Cups with Coriander: Sugar
My eyes opened slowly, and I languidly turned my head to the bedside clock. 10:00 am??? I sprang up in my bed, panicked, when I remembered that I hadn’t set an alarm and that I had no intention of going to work.
The events of the day before began to re-enter and permeate in my brain, like a drop of food color in hot water. Soon my mind was blazing red again with the agitation that sleep had mercifully staved off for a few hours.
I pulled the pillow over my face and turned it all over in my thoughts again.
To try to make sense of everything, I returned to the day I met her. Freshman year of college. Our eyes met in the cafeteria over a basket of energy bars that had been placed at the end of the food line. We were both scrutinizing the labels, and the pictures of our gravity in choosing granola snacks being mirrored back to each of us caused us to break into simultaneous giggles.
“Not enough protein,” I declared and tossed down the tiny bar.
“Too many calories,” she rejoined and, glancing around furtively, ripped open the packaging and broke the bar in half. She tossed the scorned bit back in the bowl and we quickly scurried out the door.
Still laughing, we stopped under the arched entrance to the university gardens.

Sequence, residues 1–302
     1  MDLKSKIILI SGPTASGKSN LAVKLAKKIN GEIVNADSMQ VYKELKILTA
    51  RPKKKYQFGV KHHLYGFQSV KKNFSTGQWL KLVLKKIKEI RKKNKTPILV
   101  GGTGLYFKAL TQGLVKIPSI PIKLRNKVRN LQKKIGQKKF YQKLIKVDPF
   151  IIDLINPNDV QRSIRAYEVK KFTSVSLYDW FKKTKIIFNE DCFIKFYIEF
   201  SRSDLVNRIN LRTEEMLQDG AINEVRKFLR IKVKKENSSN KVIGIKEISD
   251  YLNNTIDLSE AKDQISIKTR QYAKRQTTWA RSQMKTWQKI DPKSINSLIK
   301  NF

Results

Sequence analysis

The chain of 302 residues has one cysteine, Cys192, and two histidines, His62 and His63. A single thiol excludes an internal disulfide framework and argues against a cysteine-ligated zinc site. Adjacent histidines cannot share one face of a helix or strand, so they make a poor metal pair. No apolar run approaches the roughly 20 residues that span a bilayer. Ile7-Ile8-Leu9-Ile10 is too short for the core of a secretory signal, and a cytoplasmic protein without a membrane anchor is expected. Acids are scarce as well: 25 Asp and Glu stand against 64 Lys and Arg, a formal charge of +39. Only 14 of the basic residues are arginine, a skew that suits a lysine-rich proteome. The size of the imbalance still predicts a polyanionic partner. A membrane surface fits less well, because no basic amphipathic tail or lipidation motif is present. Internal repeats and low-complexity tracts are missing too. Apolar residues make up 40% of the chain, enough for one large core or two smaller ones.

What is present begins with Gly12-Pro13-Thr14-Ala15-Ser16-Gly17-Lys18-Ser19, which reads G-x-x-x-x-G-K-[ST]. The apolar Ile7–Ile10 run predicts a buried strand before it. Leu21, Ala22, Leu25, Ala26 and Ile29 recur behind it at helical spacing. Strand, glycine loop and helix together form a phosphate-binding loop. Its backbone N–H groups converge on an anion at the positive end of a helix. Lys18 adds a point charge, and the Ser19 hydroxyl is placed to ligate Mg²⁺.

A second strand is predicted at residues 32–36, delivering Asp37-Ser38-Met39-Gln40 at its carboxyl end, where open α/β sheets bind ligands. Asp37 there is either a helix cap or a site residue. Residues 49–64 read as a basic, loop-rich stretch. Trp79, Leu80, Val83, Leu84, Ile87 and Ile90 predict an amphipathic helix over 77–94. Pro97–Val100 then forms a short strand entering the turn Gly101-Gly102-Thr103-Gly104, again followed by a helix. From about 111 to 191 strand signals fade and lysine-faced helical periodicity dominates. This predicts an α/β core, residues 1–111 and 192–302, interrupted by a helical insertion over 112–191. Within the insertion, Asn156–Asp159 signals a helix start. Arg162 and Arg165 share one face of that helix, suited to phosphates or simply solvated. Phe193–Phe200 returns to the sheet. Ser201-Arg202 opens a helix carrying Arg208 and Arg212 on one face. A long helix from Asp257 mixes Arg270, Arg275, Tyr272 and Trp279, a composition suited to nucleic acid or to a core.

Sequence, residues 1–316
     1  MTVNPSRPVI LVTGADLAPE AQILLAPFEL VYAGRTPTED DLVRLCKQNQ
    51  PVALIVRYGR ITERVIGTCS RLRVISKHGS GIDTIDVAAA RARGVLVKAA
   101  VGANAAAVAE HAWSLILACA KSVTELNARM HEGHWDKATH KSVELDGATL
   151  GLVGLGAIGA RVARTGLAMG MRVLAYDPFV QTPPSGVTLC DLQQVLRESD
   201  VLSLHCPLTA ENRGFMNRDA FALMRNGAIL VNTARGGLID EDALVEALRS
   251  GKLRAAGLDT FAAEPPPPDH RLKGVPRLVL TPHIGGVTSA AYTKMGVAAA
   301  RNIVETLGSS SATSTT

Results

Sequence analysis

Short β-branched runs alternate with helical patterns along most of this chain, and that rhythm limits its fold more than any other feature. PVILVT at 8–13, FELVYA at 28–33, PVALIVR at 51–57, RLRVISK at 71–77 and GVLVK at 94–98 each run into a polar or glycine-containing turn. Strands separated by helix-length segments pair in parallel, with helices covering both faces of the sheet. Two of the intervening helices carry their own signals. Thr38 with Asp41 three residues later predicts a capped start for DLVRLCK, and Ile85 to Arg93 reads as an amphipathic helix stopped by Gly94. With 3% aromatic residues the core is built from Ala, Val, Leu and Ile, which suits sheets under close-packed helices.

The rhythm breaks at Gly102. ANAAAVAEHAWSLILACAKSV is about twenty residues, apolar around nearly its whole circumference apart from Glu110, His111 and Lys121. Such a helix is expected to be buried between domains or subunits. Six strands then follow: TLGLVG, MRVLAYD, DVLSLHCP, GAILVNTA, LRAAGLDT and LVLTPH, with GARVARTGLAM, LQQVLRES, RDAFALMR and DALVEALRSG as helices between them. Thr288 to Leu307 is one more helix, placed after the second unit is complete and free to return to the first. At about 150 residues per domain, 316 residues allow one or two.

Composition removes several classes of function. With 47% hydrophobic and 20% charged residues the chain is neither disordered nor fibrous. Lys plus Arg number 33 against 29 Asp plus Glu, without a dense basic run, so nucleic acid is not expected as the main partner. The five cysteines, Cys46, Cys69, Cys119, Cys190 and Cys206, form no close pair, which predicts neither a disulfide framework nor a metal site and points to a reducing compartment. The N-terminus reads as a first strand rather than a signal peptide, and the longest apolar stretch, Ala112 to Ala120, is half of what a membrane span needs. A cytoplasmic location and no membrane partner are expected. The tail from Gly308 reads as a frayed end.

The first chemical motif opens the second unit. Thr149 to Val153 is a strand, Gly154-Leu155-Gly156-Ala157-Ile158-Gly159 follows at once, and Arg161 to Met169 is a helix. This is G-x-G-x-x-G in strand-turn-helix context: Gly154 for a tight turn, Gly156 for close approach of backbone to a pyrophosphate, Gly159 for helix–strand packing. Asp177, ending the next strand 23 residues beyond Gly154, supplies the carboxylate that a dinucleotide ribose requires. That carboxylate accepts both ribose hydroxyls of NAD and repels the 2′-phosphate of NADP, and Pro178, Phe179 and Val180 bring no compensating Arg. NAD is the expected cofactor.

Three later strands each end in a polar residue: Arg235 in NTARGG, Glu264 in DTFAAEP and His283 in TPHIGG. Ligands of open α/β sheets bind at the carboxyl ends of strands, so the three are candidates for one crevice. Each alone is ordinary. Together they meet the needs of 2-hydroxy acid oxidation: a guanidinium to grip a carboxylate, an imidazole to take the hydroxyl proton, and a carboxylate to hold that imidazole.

“I’m Cori. Coriander Snow.”
She extended her hand, and I took it.
She smiled. And I was hooked. Cori’s smile was a thing of magic in those days. Warm, inviting, bewitching, yet soothing…she made you feel as if you were at once the only person and the most interesting person in the world.
She leaned towards me confidentially.
“I could use a cocktail- how about you?”
I was startled; in my all of 19 years, I had never been a rule-breaker. However, I felt myself dumbly nod, and before I knew it, we were in her dorm room and she was pouring out cosmopolitans from a pink metal shaker into chilled glasses.
I sipped slowly, and peered at the luxurious furnishings of her room that looked nothing like mine. Pink tapestries covered the institutional walls, and a queen sized bed took up a good bit of square footage. Small, round pile rugs littered the floor, and she’d hung filmy curtains at her window which were swept back with rhinestone clips. Everything was spotless and orderly, save the closet in the corner, which seemed to be vomiting out designer clothes onto the floor.
She saw my eyes fall on the pile of garments, and sighed.
“I know. It’s a bit ridiculous, but I like the freedom of flinging off my clothes at night into the direction of the closet, and the unaesthetic jerkiness of folding things just breaks my chi, so I leave it.”
I had no words to refute or confirm such an answer. I couldn’t decide whether that was the most lofty or the most pretentious thing I’d ever heard, but no matter, I was absolutely intrigued by this creature.
We talked late into the evening; she was a marketing major who planned to work for a famous fashion house upon graduation, and I was getting my degree in English. Secretly, I dreamed of writing the great American novel one day, but having the ability to teach as a backup plan made me feel more secure.
The dawn broke on two new friends, tipsily snoozing upon an embarrassment of throw pillows, who would become inseparable for the next ten years.
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more by VK LYNNE
photograph by Alexander Solodukhin
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